America Online chief technology officer Maureen Govern has resigned amid the controversy over the company's making customer search records public.

"This incident took place because some employees did not exercise good judgment or review their proposal with our privacy team," said CEO Jonathan Miller in an in-house email. "We are taking appropriate action with the employees who were responsible."

I haven't been following this issue and I'm not sure what the problem is, in general, with putting anonymous search terms up in a public forum. Back in the 20th century there was a cool Java applet that claimed to be a real-time ticker of all the search terms people were entering into AltaVista at any given time. It was pretty mesmerizing, and there was a brief vogue for trying to type in AltaVista searches really quickly and then try to catch them on the ticker. (Ah, life was simpler back then!)

The issue here was that apparently people with some skills could find out unique numbers for each searcher, and triangulate to try and get an actual identity. "At least two of the AOL users have been identified by name in press accounts," The New York Times says, "and people have speculated about the identities of others on various Web sites." Do some of your own searching of the AOL database at

Except for Abdur Chowdhury's technical gaffe, however, is there any problem with anonymously making search terms public? My inclination is that there's not, but maybe I'm just too enamored of Golden-age-of-the-internet catchphrases. Maybe I could be quickly cross-indexed as the only sucka out there who's suspiciously interested in horrible sports injuries, Joseph Hergesheimer, and the Van Allen Belts who's also trying to sell a good-condition Kenmore washing machine on Craigslist. (The thing's a beaut! Must go!) Then again, maybe there are others. I'm a one-in-a-million guy, and that means there are a thousand guys in China just like me.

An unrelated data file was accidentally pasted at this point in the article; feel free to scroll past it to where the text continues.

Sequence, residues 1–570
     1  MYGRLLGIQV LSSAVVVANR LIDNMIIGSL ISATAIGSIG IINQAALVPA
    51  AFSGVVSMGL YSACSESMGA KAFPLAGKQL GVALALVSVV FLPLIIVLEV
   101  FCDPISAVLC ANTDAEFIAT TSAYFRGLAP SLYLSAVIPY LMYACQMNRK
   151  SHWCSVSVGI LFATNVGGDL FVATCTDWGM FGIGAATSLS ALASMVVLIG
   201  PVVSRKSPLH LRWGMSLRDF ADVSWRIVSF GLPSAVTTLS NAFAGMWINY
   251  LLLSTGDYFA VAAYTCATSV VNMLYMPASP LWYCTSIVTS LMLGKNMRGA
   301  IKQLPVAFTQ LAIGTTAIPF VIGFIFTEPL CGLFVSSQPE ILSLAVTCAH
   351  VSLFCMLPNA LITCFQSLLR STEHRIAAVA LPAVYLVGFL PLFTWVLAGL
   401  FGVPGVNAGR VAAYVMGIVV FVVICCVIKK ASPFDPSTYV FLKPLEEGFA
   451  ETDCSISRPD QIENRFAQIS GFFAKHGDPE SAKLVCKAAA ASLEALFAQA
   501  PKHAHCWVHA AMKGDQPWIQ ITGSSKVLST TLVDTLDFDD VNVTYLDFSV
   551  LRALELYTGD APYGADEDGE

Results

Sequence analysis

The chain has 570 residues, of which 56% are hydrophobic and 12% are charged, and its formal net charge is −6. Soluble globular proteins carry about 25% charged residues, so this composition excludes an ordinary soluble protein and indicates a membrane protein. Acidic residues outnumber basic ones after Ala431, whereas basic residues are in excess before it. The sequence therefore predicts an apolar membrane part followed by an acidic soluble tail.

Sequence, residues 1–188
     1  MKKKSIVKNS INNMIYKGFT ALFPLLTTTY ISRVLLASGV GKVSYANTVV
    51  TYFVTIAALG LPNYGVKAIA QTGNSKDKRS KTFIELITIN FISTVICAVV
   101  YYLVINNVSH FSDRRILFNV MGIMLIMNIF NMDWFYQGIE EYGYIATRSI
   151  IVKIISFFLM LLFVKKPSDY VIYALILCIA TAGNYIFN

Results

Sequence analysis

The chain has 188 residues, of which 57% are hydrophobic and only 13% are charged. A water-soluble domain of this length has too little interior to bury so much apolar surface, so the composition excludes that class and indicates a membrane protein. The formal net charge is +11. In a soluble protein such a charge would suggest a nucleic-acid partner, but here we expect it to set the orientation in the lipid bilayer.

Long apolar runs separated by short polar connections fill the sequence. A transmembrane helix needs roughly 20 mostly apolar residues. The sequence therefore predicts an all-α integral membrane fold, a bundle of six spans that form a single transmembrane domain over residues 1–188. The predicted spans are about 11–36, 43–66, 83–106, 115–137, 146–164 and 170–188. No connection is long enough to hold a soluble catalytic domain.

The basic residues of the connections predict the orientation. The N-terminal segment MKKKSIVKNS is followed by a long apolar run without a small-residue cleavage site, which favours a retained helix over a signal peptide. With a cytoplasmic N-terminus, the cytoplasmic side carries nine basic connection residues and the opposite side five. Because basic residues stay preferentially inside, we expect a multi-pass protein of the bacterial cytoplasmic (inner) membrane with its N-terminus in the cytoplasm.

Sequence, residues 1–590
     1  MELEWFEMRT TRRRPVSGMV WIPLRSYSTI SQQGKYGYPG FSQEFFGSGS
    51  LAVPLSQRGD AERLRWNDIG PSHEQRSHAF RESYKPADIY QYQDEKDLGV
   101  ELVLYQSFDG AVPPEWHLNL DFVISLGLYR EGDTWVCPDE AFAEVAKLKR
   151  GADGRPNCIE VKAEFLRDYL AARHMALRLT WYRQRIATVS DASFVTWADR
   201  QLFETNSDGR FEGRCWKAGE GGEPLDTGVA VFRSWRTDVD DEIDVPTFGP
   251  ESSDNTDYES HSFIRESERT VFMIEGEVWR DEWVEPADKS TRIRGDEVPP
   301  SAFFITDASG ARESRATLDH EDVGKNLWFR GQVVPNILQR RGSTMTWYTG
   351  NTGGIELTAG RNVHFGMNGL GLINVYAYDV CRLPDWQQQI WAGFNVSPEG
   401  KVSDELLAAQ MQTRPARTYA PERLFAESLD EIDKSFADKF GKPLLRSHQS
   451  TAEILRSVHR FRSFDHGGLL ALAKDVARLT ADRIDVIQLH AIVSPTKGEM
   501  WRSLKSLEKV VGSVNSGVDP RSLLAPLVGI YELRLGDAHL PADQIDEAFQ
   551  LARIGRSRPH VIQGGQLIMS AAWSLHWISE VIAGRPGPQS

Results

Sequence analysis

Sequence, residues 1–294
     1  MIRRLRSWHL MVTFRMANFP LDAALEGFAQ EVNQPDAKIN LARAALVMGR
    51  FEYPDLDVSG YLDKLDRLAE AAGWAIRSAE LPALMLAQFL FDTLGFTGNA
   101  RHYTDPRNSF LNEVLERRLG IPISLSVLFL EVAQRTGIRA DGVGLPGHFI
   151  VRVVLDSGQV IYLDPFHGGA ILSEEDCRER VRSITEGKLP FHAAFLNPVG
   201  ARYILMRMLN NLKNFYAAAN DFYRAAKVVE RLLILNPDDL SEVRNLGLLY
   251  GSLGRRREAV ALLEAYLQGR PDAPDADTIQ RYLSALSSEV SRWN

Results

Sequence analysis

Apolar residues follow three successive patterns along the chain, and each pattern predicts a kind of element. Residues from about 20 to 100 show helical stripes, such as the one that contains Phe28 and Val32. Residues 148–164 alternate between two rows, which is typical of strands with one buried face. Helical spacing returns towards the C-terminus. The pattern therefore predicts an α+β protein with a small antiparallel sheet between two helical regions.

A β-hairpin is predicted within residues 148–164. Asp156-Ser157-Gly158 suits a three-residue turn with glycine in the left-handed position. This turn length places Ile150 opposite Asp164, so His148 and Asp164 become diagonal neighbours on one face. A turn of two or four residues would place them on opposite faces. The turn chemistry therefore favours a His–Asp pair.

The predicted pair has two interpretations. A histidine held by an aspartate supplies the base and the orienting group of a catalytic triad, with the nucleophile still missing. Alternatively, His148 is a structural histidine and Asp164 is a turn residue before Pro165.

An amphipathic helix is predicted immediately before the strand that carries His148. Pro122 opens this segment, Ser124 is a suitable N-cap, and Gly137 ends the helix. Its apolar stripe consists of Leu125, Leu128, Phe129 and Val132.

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  1. “Thaven’t been following this issue and I’m not sure what the problem is, in general, with putting anonymous search terms up in a public forum.”

    Because some of the searches include names of people. Considering how many people “ego-surf” or look up people they know, it’s not all that anonymous.

  2. You are right, that altavista ticker was mesmerizing. The juxtaposition of “14th century peruvian philosopher” in the middle of a sea of “anal teens” was fascinating.

  3. 1300 like you in China may be more accurate.

  4. The more interesting question is why no search engine is yet exploiting this untapped demand.

    Let’s assume Google, AOL and Yahoo! all preserve their search traffic data indefinitely. Now assume that Yahoo! changes its policies to wipe its data after one year — and advertises that fact prominently.

    Which am I more likely, all else equal, to use?

    Demand usually creates its own supply. There is no reason to think it won’t here, sooner or later.

  5. Kip, unfortunately the government would probably step in and make them archive search terms for an arbitrarily long time in order to fight child pr0n, or terrorism, or drugs, or smoking, or some other scary term du jour.